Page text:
2012 SSAT Plenary Presentation

Journal of Gastrointestinal Surgery

, Volume 17, Issue 1, pp 159-167

First online:

Financial Implications of Ventral Hernia Repair: A Hospital Cost Analysis

  • Drew ReynoldsAffiliated withDivision of General Surgery, Department of Surgery, University of Kentucky College of Medicine
  • , Daniel L. DavenportAffiliated withDivision of General Surgery, Department of Surgery, University of Kentucky College of Medicine
  • , Ryan L. KorosecAffiliated withDivision of Finance, Office of the Executive Vice President for Health Affairs, UK HealthCare
  • , J. Scott RothAffiliated withDivision of General Surgery, Department of Surgery, University of Kentucky College of MedicineDepartment of Surgery, University of Kentucky Medical Center Email author 

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Complicated ventral hernias are often referred to tertiary care centers. Hospital costs associated with these repairs include direct costs (mesh materials, supplies, and nonsurgeon labor costs) and indirect costs (facility fees, equipment depreciation, and unallocated labor). Operative supplies represent a significant component of direct costs, especially in an era of proprietary synthetic meshes and biologic grafts. We aim to evaluate the cost-effectiveness of complex abdominal wall hernia repair at a tertiary care referral facility.


Cost data on all consecutive open ventral hernia repairs (CPT codes 49560, 49561, 49565, and 49566) performed between 1 July 2008 and 31 May 2011 were analyzed. Cases were analyzed based upon hospital status (inpatient vs. outpatient) and whether the hernia repair was a primary or secondary procedure. We examined median net revenue, direct costs, contribution margin, indirect costs, and net profit/loss. Among primary hernia repairs, cost data were further analyzed based upon mesh utilization (no mesh, synthetic, or biologic).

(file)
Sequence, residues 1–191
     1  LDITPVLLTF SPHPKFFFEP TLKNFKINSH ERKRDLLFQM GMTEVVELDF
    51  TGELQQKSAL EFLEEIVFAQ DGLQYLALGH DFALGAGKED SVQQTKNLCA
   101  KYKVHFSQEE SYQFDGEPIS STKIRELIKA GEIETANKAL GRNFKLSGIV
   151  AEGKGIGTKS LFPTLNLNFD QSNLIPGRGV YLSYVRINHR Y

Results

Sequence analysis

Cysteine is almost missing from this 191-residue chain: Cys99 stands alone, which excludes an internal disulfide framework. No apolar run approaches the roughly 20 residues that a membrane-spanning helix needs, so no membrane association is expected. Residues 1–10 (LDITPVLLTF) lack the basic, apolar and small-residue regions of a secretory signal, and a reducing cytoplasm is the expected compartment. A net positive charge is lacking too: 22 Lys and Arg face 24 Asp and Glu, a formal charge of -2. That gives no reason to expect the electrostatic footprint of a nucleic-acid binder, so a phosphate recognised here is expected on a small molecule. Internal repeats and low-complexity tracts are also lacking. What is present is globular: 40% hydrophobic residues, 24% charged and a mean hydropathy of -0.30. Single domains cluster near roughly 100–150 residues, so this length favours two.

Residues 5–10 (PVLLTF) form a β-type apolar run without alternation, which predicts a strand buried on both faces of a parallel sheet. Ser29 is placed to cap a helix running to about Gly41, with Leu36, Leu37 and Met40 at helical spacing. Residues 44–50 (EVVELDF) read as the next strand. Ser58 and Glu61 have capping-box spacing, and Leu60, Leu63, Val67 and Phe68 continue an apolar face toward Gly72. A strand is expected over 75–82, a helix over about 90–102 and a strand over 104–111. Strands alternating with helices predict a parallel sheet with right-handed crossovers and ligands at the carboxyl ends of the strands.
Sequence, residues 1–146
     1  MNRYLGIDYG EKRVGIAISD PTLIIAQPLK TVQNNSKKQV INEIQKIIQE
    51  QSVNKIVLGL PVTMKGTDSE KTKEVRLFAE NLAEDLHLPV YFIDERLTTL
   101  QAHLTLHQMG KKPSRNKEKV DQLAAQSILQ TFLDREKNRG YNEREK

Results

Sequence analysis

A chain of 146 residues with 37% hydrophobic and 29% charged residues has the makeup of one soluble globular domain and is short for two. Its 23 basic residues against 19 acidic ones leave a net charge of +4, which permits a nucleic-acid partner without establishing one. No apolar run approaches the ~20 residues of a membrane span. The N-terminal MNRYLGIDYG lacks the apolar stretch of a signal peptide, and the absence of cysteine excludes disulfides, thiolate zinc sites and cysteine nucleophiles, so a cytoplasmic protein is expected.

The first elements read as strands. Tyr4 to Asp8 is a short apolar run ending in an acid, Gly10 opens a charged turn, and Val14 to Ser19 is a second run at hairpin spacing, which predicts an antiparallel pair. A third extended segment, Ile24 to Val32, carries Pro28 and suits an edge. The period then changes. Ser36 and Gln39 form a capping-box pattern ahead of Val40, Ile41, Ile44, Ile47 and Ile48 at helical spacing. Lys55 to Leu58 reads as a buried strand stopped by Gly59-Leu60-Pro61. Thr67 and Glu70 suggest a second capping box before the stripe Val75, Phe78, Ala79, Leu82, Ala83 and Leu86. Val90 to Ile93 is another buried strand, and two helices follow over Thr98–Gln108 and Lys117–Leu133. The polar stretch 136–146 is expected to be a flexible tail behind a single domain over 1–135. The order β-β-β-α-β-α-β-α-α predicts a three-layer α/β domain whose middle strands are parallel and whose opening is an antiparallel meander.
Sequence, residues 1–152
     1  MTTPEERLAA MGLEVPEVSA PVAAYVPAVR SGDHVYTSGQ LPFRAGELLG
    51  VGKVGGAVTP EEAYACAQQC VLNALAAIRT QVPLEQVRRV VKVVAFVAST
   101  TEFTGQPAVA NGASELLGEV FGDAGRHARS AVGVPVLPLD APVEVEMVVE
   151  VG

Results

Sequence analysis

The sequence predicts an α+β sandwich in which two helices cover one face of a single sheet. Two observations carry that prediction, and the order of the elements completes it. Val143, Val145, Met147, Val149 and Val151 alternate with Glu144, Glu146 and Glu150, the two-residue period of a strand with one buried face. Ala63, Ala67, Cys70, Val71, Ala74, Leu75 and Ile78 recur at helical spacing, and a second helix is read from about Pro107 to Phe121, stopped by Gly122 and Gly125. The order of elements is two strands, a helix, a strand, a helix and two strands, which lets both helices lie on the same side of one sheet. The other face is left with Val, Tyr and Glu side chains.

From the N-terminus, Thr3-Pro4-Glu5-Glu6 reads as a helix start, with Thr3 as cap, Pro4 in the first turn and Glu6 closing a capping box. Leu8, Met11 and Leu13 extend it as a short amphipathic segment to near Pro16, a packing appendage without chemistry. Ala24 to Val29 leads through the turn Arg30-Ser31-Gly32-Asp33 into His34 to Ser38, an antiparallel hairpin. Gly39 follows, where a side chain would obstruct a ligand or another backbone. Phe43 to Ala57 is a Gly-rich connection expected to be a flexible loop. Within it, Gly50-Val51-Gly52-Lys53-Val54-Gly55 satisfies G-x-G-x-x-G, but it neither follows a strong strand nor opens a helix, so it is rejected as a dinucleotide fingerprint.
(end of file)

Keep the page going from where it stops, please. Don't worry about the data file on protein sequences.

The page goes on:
Four-hundred and fifteen patients underwent ventral hernia repair (353 inpatients and 62 outpatients); 173 inpatients underwent ventral hernia repair as the primary procedure; 180 inpatients underwent hernia repair as a secondary procedure. Median net revenue ($17,310 vs. 10,360, p < 0.001) and net losses (3,430 vs. 1,700, p < 0.025) were significantly greater for those who underwent hernia repair as a secondary procedure. Among inpatients undergoing ventral hernia repair as the primary procedure, 46 were repaired without mesh; 79 were repaired with synthetic mesh and 48 with biologic mesh. Median direct costs for cases performed without mesh were $5,432; median direct costs for those using synthetic and biologic mesh were $7,590 and 16,970, respectively (p < .01). Median net losses for repairs without mesh were $500. Median net profit of $60 was observed for synthetic mesh-based repairs. The median contribution margin for cases utilizing biologic mesh was −$4,560, and the median net financial loss was $8,370. Outpatient ventral hernia repairs, with and without synthetic mesh, resulted in median net losses of $1,560 and 230, respectively.


Ventral hernia repair is associated with overall financial losses. Inpatient synthetic mesh repairs are essentially budget neutral. Outpatient and inpatient repairs without mesh result in net financial losses. Inpatient biologic mesh repairs result in a negative contribution margin and striking net financial losses. Cost-effective strategies for managing ventral hernias in a tertiary care environment need to be developed in light of the financial implications of this patient population.


Cost analysis Biologic mesh Ventral hernia repair